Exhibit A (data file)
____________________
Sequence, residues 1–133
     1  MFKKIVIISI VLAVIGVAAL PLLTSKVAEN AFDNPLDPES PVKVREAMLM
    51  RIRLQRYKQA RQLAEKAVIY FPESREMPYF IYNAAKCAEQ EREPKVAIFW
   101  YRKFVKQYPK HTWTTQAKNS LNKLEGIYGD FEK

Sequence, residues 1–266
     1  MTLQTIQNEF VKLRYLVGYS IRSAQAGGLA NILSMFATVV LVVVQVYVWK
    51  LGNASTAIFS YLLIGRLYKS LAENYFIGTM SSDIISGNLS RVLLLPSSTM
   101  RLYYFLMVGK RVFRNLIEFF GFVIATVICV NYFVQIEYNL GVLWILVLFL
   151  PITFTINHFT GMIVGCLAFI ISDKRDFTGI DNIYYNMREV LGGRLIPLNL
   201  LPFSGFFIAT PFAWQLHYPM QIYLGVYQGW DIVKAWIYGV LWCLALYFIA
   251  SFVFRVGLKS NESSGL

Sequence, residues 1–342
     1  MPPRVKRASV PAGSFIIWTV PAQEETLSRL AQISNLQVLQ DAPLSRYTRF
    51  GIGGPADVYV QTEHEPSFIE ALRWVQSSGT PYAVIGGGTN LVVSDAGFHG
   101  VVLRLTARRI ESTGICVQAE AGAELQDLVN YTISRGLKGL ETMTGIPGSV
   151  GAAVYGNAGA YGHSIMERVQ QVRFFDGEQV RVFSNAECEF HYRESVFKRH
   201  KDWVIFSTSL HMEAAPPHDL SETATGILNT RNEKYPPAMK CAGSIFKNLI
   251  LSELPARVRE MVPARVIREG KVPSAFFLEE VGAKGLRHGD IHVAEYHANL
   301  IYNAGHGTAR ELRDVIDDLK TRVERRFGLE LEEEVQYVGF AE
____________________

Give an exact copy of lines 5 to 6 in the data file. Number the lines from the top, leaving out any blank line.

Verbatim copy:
Sequence, residues 1–266
     1  MTLQTIQNEF VKLRYLVGYS IRSAQAGGLA NILSMFATVV LVVVQVYVWK